In a nutshell: Benchmark red vermouth that's off dry, but not overly sweet from the venerable Dolin company of Chambery in the French Alps.
The lowdown: Made to a recipe unchanged since 1821 which features over 30 spices and botanicals, among them coriander, hyssop, rhubarb and curacao Dolin's red vermouth is a bit lighter and less pungent than some of its Italian counterparts. It's got a coppery, amber colour and has warm aromas of prunes and walnuts tempered by a bit of spicy pepperiness together with some citrus peel and cloves.
When to drink: While it can be served straight on ice as a flavoursome aperitif, it's also an essential ingredient in cocktails such as a Negroni, or Manhattan.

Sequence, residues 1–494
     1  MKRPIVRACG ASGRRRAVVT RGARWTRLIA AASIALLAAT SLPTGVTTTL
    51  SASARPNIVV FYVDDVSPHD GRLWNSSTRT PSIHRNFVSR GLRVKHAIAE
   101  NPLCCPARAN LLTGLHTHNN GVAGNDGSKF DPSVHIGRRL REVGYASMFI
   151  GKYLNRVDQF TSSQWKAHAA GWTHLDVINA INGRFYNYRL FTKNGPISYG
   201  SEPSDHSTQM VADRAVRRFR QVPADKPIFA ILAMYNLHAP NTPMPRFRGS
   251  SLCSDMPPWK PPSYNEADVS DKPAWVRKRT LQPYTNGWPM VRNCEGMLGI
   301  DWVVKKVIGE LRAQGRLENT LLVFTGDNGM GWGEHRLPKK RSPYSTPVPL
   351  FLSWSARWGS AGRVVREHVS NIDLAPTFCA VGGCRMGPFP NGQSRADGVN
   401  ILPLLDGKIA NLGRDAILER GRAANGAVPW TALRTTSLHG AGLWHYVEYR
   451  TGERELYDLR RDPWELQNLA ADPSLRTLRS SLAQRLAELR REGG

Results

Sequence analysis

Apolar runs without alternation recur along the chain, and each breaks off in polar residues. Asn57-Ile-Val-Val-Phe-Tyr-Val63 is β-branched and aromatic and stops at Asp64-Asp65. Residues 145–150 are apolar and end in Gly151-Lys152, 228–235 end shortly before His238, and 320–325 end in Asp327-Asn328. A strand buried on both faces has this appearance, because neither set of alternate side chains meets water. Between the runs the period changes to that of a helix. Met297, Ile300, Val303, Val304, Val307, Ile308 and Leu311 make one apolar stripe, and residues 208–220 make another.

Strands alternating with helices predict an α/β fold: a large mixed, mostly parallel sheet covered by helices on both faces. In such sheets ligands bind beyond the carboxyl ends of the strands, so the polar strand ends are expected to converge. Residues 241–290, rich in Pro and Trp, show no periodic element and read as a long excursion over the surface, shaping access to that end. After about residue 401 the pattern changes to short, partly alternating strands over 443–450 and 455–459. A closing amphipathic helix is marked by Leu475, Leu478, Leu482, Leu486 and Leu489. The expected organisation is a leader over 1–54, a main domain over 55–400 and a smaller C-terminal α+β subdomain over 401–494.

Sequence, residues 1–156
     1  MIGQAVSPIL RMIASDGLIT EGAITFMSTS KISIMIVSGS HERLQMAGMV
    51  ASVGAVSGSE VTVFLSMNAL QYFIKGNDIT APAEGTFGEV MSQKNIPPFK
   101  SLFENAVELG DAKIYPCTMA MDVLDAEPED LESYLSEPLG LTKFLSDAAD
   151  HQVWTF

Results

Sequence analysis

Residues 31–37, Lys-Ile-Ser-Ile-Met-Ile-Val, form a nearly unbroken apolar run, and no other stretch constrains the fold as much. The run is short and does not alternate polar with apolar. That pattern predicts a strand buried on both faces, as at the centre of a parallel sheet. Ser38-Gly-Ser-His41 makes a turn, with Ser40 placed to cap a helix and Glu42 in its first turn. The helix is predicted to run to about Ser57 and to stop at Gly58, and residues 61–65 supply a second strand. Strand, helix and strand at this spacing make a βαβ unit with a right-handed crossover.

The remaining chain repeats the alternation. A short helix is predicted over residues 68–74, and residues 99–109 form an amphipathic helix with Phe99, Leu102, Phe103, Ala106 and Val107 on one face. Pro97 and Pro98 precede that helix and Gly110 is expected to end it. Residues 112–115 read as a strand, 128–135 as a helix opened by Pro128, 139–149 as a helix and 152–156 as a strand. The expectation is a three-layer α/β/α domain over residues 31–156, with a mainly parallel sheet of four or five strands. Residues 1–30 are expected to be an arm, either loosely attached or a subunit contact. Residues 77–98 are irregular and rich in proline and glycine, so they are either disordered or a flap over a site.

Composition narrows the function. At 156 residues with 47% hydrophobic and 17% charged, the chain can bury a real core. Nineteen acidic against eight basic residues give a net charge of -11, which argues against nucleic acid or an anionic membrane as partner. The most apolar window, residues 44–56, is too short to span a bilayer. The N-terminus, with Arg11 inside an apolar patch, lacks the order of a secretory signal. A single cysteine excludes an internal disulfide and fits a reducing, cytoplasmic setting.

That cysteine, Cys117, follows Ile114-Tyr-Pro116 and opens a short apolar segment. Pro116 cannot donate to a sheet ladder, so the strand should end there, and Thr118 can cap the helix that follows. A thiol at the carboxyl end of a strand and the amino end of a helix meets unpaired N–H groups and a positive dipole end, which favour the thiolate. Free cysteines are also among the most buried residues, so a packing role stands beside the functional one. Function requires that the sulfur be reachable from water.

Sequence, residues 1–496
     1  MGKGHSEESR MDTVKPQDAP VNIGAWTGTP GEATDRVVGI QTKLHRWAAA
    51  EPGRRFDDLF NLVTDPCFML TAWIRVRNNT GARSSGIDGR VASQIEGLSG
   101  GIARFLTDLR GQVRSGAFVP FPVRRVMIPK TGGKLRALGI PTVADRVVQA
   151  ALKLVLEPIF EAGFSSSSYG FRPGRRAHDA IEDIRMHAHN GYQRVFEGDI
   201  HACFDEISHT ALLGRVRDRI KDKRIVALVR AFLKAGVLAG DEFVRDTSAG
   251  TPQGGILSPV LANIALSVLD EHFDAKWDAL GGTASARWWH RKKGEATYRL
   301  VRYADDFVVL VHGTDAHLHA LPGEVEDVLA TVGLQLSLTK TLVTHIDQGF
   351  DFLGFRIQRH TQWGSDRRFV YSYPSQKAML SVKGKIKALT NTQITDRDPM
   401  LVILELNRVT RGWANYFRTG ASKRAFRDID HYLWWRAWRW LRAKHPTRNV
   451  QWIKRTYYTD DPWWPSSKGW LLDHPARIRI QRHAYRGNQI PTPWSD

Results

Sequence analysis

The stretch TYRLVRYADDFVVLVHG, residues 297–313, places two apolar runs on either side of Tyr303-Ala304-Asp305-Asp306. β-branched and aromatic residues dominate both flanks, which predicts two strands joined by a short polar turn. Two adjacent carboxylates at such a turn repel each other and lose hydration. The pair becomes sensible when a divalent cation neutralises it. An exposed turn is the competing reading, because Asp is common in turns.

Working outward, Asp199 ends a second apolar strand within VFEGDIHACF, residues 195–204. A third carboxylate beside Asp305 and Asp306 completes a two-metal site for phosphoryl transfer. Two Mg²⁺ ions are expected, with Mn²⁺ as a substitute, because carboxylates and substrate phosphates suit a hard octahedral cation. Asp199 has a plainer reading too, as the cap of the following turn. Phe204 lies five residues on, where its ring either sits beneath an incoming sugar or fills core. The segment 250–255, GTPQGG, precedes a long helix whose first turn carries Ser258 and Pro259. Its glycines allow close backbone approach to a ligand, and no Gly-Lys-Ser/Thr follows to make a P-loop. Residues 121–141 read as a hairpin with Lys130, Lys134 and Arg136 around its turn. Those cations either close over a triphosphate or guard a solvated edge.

They are the last independent company still producing Vermouth de Chambery. While all other producers have been subsumed into large corporations they continue to make a properly authentic product which earned France's only appellation controlée for vermouth in 1932.
The base wines, these days, are mainly sourced from the Armagnac region of South West France, but the plants and herbs that give the distinctive flavours and aromas are still found in the Alpine meadows of the Chambery region.
As a whole their range of vermouths retain a lighter, drier and less pungent character than a lot of their larger branded counterparts.